The six teams coming to Victoria this summer all feature proven NBA star-power, headlined by the Hellas’ Giannis Antekonmpo. The Czech Republic has crafty Chicago Bulls point guard Tomas Satoranksy and Turkey also boasts power forward Ersan Ilyasova of the Milwaukee Bucks, point guard Ceidi Osman of the Cleveland Cavaliers and Furkan Korkmaz of the Philadelphia 76ers.
Despite the growing global NBA player presence – it is Canada that features the most international players in the world’s best league. After a disappointing 2-3 showing at the 2019 FIBA World Cup, Team Canada is expected to put together it’s best roster in years’ — already garnering early official social media commitments from two of Canada’s rising stars. Denver Nuggets’ Jamal Murray and OKC Thunder Shai Gilgeous-Alexander have officially announced their intentions. Dillon Brooks of the Memphis Grizzlies, Khem Birch of the Orlando Magic and New Orleans Pelicans’ guard Nickeil Alexander-Walker have also made it clearly evident that they will be on hand to help Canada end it’s 20-year summer Olympics drought that dates back to 2000.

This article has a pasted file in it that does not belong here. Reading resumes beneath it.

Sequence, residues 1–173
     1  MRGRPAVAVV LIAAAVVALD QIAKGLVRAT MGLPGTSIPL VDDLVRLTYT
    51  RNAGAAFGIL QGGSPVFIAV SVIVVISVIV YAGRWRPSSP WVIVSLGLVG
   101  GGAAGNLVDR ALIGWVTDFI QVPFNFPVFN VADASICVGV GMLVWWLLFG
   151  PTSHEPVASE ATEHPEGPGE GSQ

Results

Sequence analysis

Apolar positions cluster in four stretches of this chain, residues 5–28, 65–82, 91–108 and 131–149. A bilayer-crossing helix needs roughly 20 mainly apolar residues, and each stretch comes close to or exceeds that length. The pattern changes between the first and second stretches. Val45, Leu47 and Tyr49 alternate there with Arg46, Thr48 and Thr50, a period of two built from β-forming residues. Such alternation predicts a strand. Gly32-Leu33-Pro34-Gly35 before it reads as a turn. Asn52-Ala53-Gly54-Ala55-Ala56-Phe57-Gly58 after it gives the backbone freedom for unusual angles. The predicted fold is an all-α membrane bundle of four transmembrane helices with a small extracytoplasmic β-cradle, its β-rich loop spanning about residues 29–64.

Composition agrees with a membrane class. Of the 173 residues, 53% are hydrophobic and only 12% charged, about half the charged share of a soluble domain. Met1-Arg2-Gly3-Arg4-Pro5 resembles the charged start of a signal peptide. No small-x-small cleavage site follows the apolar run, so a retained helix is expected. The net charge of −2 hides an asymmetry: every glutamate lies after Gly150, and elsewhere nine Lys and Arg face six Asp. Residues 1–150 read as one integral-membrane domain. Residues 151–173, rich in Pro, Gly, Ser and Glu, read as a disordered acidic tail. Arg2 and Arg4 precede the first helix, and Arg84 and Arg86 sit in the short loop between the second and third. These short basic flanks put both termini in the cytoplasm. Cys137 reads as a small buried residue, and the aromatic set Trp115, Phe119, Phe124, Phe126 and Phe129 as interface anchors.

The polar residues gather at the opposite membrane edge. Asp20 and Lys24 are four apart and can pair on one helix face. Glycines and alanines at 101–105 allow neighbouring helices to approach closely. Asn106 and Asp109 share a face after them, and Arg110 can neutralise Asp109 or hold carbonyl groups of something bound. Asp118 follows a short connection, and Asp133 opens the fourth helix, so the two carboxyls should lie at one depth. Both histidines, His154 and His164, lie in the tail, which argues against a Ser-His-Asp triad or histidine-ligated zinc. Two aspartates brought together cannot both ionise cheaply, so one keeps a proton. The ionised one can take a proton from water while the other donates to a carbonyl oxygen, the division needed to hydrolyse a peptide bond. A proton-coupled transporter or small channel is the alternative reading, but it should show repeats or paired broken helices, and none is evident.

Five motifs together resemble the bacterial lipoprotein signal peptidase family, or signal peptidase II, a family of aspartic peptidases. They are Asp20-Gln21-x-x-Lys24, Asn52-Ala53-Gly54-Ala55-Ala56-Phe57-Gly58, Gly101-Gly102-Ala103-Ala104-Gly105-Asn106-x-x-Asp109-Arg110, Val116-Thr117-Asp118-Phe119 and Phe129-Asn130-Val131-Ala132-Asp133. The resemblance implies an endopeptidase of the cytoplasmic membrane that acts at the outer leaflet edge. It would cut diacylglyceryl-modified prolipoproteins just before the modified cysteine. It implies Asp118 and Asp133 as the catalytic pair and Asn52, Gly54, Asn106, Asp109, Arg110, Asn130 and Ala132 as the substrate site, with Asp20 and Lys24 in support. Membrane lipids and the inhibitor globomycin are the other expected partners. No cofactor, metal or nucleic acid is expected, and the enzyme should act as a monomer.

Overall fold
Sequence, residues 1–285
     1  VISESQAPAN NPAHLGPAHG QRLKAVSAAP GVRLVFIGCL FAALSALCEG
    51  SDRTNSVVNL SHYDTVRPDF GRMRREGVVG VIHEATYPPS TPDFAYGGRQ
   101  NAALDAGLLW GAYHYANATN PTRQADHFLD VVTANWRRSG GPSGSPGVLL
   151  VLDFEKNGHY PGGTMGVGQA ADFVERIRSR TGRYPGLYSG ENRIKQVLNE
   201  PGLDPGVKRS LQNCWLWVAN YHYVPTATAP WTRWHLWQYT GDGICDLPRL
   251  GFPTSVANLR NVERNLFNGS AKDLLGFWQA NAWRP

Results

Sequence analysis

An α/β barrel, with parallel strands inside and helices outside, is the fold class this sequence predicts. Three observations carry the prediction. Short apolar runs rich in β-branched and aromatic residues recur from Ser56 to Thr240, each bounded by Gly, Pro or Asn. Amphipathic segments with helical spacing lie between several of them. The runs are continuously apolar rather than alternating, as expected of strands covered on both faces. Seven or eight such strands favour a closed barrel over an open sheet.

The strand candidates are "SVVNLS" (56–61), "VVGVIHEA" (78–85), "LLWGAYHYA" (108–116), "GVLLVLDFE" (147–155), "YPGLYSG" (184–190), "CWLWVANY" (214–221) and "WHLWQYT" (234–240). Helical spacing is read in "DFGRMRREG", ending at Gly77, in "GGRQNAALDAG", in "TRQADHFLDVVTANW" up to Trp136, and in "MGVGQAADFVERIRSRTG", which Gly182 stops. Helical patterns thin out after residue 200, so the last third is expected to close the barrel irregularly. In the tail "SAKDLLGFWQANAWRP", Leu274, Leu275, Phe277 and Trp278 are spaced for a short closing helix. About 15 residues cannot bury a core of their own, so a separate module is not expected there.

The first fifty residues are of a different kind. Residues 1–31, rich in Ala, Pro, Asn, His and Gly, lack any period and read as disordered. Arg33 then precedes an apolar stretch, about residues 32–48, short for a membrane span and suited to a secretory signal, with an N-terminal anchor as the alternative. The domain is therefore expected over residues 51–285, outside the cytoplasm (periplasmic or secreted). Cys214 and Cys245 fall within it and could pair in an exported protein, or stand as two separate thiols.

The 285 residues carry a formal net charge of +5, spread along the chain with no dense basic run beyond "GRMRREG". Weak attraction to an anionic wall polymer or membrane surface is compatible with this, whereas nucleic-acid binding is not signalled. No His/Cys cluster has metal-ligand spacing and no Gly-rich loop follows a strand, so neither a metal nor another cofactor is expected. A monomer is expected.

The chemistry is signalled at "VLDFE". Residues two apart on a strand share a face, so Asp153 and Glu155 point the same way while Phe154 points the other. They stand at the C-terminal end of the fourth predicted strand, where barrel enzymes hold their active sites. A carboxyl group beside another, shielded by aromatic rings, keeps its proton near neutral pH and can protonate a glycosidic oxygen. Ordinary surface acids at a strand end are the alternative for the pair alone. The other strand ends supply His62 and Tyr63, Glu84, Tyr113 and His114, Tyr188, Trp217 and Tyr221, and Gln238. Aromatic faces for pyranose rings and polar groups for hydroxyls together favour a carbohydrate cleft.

Canada will kick-off the tournament against Greece on June 23rd and will play China the next day with a rest day in-between — before the semi-finals on June 27.